Do you want to facilitate the development of a healthy culture in your organisation?
If the answer is “yes”, then one of the steps you can take right now is to build a solid baseline of data for the current culture. A structured audit will provide you with what you need. Let me talk you through the process.
How do you conduct a culture audit?
There are three critical elements the audit needs to look at:
3. Processes and systems
Culture is created from the messages people receive about is valued. Your people receive those messages from three main channels within the organisation: behaviours, symbols and systems. If you want to change the culture, you need to change the messages people receive through these three channels. Transforming culture is about identifying and sending the messages that will tell your people things are going to be different from now on.
The purpose of a culture audit is to identify the messages staff currently receive and then to assess whether those messages are the right ones, or if they are sending contradictory signals. A culture audit aims to create increased levels of insight, so that you can determine the extent to which your current activity will collectively shape the target culture your organisation needs.
1. Clarify your target culture.
The target culture will be used to determine a set of criteria against which the audit will be conducted. A target culture can be described using cultural attributes such as behaviours, beliefs and values. Establish a set of criteria upfront and then use them across the audit.
2. Assess processes and systems.
Major processes and systems will be analysed against this same set of criteria to determine whether or not the messages they are sending are aligned with the target culture. If not, the audit will determine what messages are being sent, how they are interpreted by people, and what outcomes they lead to. The impact of these outcomes will then be assessed in terms of risk level.
Major processes and systems that need to be analysed include: rewards and recognition; performance management; communications; promotion process; people and leadership development; training; remuneration; recruitment; induction; timesheet system; and invoicing.
3. Assess symbols.
Symbols often take the form of finite resources that must be shared throughout the business. Time and money are good examples of symbols. The culture audit will observe where and how the organisation chooses to spend its precious resources, and the messages that are being sent through these choices.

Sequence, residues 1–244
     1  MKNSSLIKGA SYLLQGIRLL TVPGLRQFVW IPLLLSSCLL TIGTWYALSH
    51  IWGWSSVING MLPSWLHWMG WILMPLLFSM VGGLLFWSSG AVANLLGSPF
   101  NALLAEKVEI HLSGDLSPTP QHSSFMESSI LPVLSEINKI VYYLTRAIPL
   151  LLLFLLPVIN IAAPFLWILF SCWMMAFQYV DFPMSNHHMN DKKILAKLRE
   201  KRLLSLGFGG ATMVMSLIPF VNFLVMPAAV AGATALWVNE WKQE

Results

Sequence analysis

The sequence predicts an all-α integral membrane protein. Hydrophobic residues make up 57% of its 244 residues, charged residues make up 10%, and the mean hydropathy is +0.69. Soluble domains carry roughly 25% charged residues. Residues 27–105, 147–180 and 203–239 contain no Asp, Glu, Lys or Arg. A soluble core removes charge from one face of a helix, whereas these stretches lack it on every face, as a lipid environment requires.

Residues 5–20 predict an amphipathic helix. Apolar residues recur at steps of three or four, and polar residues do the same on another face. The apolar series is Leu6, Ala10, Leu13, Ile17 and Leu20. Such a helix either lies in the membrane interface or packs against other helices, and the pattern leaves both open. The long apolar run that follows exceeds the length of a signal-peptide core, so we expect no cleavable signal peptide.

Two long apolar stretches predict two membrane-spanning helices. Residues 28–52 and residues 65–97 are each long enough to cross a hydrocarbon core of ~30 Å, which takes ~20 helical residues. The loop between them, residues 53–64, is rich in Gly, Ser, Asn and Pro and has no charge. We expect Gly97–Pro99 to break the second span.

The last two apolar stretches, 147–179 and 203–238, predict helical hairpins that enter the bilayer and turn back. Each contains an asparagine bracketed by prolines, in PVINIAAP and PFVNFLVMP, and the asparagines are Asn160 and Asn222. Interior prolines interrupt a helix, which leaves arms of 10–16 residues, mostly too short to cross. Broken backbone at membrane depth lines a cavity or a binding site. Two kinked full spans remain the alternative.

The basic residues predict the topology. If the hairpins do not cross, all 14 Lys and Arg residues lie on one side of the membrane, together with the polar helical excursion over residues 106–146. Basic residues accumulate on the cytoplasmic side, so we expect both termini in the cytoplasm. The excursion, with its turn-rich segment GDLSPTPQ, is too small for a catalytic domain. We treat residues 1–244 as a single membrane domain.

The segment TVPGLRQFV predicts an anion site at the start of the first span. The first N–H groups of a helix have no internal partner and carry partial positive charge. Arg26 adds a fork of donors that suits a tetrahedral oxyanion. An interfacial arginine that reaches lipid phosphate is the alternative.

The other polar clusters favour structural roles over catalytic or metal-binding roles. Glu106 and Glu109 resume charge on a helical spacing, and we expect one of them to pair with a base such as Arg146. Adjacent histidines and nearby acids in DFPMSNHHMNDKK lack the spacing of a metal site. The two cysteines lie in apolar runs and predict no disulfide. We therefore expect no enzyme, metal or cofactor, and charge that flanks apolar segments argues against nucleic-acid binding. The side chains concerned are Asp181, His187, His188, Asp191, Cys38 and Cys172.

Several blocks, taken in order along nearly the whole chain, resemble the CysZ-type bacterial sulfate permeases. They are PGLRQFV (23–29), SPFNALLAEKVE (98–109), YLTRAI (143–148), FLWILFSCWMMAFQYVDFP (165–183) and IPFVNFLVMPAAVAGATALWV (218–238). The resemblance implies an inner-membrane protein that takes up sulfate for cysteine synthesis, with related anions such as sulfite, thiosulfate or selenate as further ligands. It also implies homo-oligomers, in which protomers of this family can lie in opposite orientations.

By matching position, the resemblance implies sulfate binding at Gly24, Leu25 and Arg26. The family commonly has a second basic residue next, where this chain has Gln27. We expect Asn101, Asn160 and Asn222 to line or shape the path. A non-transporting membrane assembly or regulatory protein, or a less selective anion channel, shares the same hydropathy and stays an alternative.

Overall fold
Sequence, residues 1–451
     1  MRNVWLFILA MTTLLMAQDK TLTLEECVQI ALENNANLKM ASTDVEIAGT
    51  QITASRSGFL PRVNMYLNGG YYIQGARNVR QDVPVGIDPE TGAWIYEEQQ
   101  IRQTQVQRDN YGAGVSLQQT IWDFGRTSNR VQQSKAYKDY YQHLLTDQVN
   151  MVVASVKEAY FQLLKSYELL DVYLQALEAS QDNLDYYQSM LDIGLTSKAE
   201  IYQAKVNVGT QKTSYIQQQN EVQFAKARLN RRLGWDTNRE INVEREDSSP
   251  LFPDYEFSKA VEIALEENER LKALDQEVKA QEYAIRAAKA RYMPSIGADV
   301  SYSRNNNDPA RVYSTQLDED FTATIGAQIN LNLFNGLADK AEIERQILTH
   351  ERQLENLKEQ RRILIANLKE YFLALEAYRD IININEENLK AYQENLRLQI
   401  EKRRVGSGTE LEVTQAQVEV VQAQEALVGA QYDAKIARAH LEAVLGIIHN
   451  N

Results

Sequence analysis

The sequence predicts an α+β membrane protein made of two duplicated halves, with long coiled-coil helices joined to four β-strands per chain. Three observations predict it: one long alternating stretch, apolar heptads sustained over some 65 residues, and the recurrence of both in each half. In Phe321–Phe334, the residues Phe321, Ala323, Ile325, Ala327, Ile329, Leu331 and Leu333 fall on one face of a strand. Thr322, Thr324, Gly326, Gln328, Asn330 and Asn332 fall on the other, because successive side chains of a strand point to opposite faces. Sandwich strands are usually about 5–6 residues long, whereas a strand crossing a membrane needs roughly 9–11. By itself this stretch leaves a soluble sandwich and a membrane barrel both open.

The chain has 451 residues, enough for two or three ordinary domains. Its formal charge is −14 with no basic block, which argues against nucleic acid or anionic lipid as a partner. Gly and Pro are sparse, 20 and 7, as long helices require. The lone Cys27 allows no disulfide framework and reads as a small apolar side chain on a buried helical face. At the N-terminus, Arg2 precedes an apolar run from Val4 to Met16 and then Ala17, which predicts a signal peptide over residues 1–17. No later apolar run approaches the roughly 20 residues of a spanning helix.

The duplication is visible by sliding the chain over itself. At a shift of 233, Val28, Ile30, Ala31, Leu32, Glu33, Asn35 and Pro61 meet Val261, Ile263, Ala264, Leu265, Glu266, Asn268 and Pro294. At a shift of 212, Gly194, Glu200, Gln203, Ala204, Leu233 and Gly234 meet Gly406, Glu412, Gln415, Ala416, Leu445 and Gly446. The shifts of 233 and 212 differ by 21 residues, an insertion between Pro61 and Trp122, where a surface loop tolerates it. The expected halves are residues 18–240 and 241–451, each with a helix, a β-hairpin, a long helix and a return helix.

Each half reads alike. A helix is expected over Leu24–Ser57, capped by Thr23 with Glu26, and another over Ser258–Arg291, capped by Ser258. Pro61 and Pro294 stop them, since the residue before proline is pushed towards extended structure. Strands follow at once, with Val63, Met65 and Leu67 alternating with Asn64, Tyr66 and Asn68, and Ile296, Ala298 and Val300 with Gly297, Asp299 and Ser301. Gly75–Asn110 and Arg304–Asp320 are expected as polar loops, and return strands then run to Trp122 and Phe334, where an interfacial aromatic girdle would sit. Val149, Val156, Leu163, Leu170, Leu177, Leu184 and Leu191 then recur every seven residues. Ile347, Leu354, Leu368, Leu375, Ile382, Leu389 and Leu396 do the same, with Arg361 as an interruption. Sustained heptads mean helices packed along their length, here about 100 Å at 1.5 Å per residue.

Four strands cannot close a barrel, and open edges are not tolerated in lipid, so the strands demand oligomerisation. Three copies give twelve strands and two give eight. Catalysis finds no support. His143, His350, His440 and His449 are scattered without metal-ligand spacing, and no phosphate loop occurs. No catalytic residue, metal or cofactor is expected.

4. Assess behaviours.
Behaviours are the most important element to diagnose in any culture audit. You need to assess not just WHAT people do, but WHY they do it. In other words, it’s crucial to understand the belief system that underpins how people behave, because it is that belief system that is your target for change. There are a number of tools on the market designed to help you assess behaviours. At Walking the Talk, we’ve developed one tool to assess behaviours (our Culture Capability Index survey) and a second for assessing beliefs and values (our focus group DISCOVER methodology).
After assessing all of the messages being sent through behaviours, systems and symbols, the culture audit will clearly identify which elements need to be the target for change. It could be aligning the performance management system with your target culture (systems), or the way meetings are held (symbols), or even how the leadership team are interacting with each other and the rest of the organisation (behaviours).
A culture audit is the first step to action. The baseline of data it creates can then be used to build a roadmap, also called a Culture Plan. Your Plan will list all of the initiatives that need to start, stop, or be altered, in order to align all the messages being sent in your organisation. The result? You're on your way to creating the healthiest culture possible. And, most importantly, one which is in sync with your business’ strategy.
I’m happy to answer any questions you may have. Please leave a comment below.
Jerome Parisse-Brassens is Walking the Talk's Director Asia Pacific.
You can follow Jerome on Twitter @Jeromeparisse
Or connect with him on LinkedIn